That means you have to snap them out of it.

This doesn’t mean you need to be rude or pushy.

You just have to be very clear that you’re asking your prospect for a commitment. Don’t shy away from asking for the sale.

If you get a no, at least your prospect has made a decision and can move forward. If they say yes, then you can be a part of that future. Either way, the prospect makes progress.

With that said, here’s how you actually walk through your offer:

First, explain exactly what you’ll do with the prospect when they sign up. You already reviewed your strategy and tactics. Now, you’re explaining what your product experience looks and feels like.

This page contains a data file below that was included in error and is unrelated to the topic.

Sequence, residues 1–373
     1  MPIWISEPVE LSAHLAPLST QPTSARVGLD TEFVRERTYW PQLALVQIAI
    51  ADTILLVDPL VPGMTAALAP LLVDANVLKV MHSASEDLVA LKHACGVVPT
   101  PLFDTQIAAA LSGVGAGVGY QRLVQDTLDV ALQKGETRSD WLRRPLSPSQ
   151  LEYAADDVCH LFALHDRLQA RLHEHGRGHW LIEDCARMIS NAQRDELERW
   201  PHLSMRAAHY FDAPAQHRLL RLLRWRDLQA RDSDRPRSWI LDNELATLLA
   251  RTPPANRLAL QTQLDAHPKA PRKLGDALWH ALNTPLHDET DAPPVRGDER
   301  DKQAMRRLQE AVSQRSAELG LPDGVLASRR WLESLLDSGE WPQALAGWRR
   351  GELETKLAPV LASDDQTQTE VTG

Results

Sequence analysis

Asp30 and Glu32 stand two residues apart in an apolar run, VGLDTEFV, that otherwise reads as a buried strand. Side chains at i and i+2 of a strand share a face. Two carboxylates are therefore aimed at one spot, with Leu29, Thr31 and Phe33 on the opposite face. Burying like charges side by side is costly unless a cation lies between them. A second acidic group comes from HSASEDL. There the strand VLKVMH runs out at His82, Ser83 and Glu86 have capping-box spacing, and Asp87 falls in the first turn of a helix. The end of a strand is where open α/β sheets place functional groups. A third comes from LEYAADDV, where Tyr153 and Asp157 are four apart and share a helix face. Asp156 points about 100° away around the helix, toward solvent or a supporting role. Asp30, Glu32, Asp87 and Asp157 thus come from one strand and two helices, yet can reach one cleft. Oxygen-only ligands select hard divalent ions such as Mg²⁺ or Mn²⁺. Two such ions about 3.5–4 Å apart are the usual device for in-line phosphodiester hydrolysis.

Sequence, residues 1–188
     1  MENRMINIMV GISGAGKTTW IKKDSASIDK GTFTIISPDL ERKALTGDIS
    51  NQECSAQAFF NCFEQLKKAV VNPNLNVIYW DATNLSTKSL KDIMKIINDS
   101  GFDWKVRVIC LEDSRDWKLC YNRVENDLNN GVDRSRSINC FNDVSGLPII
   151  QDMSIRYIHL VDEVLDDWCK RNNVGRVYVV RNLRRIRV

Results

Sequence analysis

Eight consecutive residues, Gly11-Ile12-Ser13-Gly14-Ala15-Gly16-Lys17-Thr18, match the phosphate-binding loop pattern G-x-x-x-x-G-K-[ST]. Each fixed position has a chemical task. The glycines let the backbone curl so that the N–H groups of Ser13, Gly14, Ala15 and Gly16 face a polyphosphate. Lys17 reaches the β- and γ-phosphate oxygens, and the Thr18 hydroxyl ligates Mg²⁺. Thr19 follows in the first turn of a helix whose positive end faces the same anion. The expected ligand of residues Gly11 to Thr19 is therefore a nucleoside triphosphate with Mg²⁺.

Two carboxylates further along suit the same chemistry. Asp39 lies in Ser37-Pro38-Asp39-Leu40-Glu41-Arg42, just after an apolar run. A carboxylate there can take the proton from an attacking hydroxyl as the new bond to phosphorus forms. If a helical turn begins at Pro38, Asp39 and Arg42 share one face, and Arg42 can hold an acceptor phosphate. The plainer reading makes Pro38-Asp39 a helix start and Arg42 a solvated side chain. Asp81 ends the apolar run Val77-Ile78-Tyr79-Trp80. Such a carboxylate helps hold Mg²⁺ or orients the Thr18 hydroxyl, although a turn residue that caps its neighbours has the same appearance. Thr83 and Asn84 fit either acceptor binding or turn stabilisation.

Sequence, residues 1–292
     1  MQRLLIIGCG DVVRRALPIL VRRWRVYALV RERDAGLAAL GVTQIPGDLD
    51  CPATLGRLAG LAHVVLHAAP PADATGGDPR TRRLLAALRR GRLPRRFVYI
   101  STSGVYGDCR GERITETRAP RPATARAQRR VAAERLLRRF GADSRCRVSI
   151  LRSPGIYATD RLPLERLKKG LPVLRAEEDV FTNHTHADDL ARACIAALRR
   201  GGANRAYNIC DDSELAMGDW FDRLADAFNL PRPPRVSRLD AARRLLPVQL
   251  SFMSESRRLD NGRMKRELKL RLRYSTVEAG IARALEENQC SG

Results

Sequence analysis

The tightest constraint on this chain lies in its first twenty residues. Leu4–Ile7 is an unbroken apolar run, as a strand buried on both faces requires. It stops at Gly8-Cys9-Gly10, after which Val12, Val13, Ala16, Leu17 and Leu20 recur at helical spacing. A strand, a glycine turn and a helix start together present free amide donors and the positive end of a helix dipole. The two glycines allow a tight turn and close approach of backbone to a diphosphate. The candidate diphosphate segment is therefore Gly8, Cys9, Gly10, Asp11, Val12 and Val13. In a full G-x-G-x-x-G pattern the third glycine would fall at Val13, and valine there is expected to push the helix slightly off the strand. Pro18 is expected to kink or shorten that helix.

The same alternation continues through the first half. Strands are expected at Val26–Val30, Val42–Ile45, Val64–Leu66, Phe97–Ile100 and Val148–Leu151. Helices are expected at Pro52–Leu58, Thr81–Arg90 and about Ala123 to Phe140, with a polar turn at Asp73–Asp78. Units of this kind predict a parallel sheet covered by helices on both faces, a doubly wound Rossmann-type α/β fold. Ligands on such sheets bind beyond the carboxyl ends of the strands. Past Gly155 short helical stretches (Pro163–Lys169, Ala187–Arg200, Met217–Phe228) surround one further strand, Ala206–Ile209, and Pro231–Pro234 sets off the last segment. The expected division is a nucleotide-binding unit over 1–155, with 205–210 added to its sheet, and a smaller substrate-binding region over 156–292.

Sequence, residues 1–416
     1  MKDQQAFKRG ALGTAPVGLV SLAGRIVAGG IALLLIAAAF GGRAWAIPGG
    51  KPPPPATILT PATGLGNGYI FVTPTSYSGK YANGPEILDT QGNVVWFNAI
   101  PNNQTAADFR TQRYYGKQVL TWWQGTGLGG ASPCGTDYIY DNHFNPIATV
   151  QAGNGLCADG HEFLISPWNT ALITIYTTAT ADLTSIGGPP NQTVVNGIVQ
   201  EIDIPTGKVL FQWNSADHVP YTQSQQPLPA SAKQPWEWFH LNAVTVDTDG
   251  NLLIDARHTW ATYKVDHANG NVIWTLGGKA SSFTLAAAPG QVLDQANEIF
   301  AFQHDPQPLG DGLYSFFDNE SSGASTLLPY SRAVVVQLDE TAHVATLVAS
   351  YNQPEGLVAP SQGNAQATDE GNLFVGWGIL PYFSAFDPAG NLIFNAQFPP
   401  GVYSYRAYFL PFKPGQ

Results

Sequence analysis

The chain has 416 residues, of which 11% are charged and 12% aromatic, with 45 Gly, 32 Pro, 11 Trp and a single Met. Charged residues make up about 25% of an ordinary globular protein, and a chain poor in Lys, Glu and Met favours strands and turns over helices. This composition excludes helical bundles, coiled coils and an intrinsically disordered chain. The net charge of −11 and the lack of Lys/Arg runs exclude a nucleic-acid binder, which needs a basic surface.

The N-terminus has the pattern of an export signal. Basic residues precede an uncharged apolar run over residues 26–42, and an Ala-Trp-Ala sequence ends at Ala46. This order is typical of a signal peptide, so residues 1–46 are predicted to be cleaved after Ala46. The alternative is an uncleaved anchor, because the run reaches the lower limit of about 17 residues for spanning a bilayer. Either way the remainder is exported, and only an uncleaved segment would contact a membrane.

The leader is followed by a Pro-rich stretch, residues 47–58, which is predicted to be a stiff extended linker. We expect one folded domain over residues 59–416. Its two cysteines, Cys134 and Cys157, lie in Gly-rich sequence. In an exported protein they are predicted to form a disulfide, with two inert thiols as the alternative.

For example, maybe you previously explained that you recommend the OMAD diet and three workouts per week. Now, you explain that if the client works with you, you’ll provide:

  • Seven customized meal plans per week.
  • A shopping list to use over the next week.
  • Two workout plans for solo workouts.
  • Two video reviews of workouts to correct form or adjust sets and reps per week.
  • One personal, one-on-one training session every two weeks.

Explain your product. Get detailed. Then go for the ask.

If you’ve used the trial closing strategy correctly throughout the sales call, you’re set up perfectly for a closing technique we like to call an “assumptive close.” Here’s how it works:

You present the product, answer any questions, then say “The program will cost $2500. You can take care of that with Visa or Mastercard. Which is better for you?

If this method seems very straightforward, that’s because it is. Most new or junior salespeople we talk to don’t get as many sales as they could because they simply don’t ask for the sale.